10 traits of a great script

TheTakes Film Production

Up to 100.000 scripts are submitted in USA every year. But on average no more than just 12 are bought by each major studio and only about 3 or 4 make it to pre-production. This is the harsh truth of film business. So for your script to stand a chance of getting on a big screen it’s absolutely necessary to follow the rules listed below. Anyway, if you cross-check them with the movies we all know and love, you’ll see - the majority of them meet the most of these requirements. So here are the traits that any great script must possess:

1. Properly formatted

Producers hire professional readers to save their time. Imagine how many scripts they receive and have to go through!

Scripts that are not formatted according to guild standards don’t even stand a chance of getting past a reader.

That’s why a font of 12 Courier and all that goes along is a must. Proper scriptwriting software - makes a writer’s life a lot easier and helps concentrate on the creative part.

2. Fresh concept

It doesn’t have to be a high concept script, meaning it tells a story never ever told before. But it has to be a fresh take on the existing concept if you want to catch a reader’s attention. A great plot can be pitched in a few sentences and leave the audience craving for more.

3. Gripping

After all, it’s all about the story.

A good screenplay catches your attention from the very beginning and doesn’t let go till the very end.

It always has a hook - something that keeps you guessing why this or that happened and what is going to happen next. It is well paced, constantly surprising, with sudden plot turns along with a satisfying and unpredictable ending

4. Visual

"Show not tell” - they say this to students in all the film schools for a reason. Yet most rookie films tend to plunge into unnecessary ranting. This, of course, can’t be said about movies based on a solid script. Remember - one good piece of action can replace a thousand words. And action doesn’t necessarily mean the kind of stuff you encounter in any Michael Bay movie.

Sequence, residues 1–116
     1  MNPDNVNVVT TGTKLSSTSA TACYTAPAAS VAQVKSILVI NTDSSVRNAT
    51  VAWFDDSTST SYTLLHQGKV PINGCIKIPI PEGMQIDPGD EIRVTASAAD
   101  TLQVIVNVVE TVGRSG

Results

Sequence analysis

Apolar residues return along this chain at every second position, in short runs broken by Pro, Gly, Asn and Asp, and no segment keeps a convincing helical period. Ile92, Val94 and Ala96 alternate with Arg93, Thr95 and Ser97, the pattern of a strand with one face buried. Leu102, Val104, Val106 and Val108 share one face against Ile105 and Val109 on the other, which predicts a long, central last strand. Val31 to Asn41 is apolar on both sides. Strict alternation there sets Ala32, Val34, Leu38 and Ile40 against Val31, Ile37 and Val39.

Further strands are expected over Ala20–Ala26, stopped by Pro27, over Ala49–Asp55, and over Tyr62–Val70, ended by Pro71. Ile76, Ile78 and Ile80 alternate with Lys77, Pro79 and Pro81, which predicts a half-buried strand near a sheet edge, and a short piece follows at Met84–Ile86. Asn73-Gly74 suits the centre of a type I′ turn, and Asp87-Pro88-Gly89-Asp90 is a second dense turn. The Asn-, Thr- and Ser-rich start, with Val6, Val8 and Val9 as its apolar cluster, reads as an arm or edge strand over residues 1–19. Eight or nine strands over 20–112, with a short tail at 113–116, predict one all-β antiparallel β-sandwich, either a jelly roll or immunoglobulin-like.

5. Strong main character

It’s key to have a person who drives the story forward, someone all can root for. All great scripts have them - guys that are easy to relate to, likeable (but not necessarily luscious), with their weaknesses and, most importantly, a goal.

A well-written character has a so-called arc - the development we can percieve in him while he’s overcoming his flaws.

Raising the stakes of him losing gives the story even more power.

6. Escalating conflict

The path to the goal for a hero can never be too easy - otherwise all his efforts will be in vain and leave the audience unimpressed. There must be obstacles that prevent the main character from doing what he needs to do - up to the point of rendering it completely unrealistic.

7. Snappy dialogue

When a script is visual and action-packed, the dialogue is freed from the burden of explaining the events. Here’s where the characters step up and burst with cracking lines that keep the audience entertained. An experienced writer always puts opposing personalities in a confined space, makes them interact and sees what happens.

8. Fat free

An exemplary script is brief and concise. It stays within 90 to 120 pages and doesn’t try to test the audience’s patience. It’s a rule of thumb to convey the idea of what the character is after by the 20-th page and bring the story to resolution no later than page 110. It’s usually a result of not being too attached to every word and following the golden principle:

Writing is rewriting

Сutting out the unnecessary is essential - and it’s amazing how much fat can actually be trimmed!

9. Realistic

Writers who delve too carelessly into their imagination sometimes forget about such a prosy thing as a potential film’s budget. It’s generally a good idea to stay pragmatic and write scripts with achievable production values. And that’s usually what all the succesful filmmakers did before reaching their well-earned glory.

10. X factor

This one as the hardest of all to grasp, because without it even the purest scripts that stay true to the rules above can badly fail. It’s almost impossible to explain, but you’ll see it in every acclaimed movie - something magical, that makes it special. Be it talent, or luck, or years of hard work - this last one is for you to find out. Good luck!

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